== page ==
If your K factor is less than one then the Punisher alone has time to cap your and your lame ass hoard’s ass before it so much as reaches the news.

Now I wrote and everyone writes you aren’t viral if you are less than one. That’s wrong. We also write the definition of viral is a K greater than one, which is right. To be accurate you aren’t viral if your K is less than a number slightly greater than one (it’s just easier to write less than one ;)).

Having a K equal to one means you are in ‘steady state.’ You are neither growing nor declining.

A tiny fraction above and everything is different. You have exponential growth. Below one and you are in exponential decline.

# Is virality that simple?

Well, that’s the explanation of K factor. Congrats! You’ve got it!

But… that’s just a tiny fraction of the bigger picture. ‘The truth is out there’ but it’s a lot more complicated.

Firstly the K factor is a terrible formula. It doesn’t account for reality which is of course complicated.

To understand it you need to understand a few things including the Adjusted Conversion Rate (So R is actually going to need to be AR) since we need to consider your market size (So, how many people can actually get bit and decreasing that number once more people get bit).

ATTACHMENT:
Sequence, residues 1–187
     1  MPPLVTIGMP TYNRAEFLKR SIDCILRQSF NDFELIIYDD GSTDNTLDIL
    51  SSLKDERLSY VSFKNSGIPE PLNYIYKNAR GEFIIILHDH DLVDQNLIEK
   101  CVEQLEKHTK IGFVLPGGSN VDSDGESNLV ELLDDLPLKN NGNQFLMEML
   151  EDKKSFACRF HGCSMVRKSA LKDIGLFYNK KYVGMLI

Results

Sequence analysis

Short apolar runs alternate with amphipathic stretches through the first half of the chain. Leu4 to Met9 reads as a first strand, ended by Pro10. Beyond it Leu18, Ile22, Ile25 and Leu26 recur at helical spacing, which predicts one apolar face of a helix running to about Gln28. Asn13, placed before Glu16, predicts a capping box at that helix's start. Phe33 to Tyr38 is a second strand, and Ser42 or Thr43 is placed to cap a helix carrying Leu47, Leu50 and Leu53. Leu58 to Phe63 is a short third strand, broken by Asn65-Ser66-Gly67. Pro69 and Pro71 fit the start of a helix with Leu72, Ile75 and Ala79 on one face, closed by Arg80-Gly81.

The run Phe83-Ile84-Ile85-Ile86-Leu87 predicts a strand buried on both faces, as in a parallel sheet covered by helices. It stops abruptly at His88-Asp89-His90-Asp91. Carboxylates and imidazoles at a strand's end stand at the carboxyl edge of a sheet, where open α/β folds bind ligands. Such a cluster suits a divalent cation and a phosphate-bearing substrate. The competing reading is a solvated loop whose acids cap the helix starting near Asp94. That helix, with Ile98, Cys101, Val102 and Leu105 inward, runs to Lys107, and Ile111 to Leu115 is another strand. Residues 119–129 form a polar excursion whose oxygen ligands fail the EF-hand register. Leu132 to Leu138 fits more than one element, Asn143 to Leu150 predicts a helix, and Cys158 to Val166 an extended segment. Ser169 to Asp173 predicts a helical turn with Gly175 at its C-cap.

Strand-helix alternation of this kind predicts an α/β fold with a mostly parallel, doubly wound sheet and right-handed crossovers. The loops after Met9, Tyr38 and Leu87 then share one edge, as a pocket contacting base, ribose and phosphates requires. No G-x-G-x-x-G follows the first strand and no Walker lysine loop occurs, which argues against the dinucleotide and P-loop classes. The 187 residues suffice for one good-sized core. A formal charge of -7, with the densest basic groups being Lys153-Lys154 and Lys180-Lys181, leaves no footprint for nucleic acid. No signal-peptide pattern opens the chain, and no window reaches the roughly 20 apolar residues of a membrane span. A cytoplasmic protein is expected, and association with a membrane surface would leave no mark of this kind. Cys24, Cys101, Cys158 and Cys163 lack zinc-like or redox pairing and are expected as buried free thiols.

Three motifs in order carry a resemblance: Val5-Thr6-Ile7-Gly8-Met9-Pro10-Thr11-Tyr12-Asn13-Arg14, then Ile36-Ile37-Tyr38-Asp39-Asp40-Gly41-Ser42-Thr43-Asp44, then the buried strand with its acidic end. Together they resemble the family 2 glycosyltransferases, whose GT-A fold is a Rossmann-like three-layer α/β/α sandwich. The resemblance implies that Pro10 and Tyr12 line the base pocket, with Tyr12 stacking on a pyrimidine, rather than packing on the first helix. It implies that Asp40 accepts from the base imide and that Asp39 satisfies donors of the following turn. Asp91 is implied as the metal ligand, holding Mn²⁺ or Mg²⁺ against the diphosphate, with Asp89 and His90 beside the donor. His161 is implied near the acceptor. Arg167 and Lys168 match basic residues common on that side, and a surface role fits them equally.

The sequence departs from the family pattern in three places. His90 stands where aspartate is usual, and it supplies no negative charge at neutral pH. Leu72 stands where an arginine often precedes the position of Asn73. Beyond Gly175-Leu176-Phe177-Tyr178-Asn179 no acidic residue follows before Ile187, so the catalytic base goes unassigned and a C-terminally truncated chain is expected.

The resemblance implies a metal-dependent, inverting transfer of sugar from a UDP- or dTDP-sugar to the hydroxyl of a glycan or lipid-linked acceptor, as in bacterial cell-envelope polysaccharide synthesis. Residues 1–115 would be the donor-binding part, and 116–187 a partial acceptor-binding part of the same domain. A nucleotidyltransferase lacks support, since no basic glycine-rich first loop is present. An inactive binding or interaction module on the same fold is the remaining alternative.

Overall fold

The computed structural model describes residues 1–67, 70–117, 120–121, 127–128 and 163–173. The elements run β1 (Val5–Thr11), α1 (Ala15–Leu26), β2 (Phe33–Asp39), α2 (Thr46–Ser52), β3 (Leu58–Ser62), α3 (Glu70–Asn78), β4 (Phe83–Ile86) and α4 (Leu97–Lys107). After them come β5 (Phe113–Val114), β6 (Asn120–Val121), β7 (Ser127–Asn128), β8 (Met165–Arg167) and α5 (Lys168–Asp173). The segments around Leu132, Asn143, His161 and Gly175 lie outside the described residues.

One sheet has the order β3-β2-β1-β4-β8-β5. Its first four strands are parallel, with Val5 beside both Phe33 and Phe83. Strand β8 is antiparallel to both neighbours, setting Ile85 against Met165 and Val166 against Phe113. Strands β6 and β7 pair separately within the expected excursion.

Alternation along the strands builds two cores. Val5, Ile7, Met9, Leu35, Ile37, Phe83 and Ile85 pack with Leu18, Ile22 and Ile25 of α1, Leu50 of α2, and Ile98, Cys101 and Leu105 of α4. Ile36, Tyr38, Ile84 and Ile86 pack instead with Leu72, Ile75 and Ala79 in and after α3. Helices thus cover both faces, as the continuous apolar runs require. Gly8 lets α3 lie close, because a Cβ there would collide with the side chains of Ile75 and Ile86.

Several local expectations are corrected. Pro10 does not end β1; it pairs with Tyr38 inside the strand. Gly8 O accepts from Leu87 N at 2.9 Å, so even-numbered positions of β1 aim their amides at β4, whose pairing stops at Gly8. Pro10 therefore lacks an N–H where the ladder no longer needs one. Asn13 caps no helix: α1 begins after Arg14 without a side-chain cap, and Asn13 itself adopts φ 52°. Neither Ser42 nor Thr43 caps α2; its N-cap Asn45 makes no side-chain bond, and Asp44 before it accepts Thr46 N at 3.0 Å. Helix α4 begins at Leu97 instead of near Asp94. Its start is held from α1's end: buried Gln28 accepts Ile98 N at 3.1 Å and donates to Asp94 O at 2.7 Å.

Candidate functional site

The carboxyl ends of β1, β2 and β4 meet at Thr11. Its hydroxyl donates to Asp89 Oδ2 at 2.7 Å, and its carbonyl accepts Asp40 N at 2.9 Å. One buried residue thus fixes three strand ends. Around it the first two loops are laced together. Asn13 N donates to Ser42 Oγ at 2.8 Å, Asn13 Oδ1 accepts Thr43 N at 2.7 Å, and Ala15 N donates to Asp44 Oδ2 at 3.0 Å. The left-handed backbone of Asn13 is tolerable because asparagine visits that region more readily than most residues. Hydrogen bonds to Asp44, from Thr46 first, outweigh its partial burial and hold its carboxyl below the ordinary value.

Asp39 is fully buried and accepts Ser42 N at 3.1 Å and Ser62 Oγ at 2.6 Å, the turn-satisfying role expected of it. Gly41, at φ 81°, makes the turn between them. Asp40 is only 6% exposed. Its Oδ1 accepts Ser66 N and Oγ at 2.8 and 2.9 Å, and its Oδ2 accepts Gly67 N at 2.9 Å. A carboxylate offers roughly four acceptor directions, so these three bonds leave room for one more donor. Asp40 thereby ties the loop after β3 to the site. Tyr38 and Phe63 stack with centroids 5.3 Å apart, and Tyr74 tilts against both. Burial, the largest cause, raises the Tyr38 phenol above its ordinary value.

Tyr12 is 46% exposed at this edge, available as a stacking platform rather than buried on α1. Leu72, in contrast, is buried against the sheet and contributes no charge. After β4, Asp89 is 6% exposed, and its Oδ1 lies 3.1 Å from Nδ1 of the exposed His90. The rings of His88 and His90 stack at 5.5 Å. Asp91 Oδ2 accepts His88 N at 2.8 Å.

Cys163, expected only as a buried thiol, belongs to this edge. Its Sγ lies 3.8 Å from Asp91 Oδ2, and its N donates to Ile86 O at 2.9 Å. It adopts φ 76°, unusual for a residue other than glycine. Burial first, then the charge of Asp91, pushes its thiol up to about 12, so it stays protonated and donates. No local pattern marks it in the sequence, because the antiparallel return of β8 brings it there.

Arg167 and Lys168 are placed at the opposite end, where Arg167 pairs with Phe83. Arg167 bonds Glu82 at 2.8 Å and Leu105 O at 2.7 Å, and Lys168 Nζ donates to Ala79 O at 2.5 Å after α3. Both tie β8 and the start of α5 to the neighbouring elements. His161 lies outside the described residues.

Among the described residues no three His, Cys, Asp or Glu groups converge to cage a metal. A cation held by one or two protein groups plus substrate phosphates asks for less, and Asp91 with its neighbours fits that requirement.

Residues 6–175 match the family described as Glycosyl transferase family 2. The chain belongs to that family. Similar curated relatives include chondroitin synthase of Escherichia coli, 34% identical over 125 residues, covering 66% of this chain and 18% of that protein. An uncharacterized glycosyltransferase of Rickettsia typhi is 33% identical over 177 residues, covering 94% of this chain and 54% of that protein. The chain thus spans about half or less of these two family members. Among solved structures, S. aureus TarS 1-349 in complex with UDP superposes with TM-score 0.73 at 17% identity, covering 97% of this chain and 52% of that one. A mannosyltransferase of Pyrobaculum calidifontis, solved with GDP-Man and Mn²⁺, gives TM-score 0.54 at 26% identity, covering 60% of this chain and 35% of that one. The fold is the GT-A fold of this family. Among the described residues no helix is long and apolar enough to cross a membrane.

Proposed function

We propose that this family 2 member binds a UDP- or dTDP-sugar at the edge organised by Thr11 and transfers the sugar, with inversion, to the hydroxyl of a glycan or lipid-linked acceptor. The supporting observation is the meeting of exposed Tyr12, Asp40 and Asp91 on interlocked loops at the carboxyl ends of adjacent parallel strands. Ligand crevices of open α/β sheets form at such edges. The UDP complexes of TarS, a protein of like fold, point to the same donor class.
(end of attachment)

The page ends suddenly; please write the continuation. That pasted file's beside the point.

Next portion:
Next, virality is all about iterations (compounding) right? The video game doesn’t end after you bite one person. The zombie apocalypse happens from lots of biting — everyone biting everyone. How would you bring around the end of the world faster? More biting, right? And biting people and the time from bite to dead, to waking as a zombie and biting some poor fecker? In nerd language, that’s called the Cycle Time or (CT). Shorter CT means more zombies, faster.

So K is just a small part of ushering in the end of the world and I haven’t even laid on you the Effective Viral Growth Factor (EVGF) and Viral Invitation Factor (VIF).

In other blogs, we will get into each of these in more detail. For now, be happy. You’re one step into understanding this viral stuff.

## More from Alexander Jarvis

Sort out your pitch deck at PerfectPitchDeck.com. Blog at AlexanderJarvis.com. Build at 50Folds.com.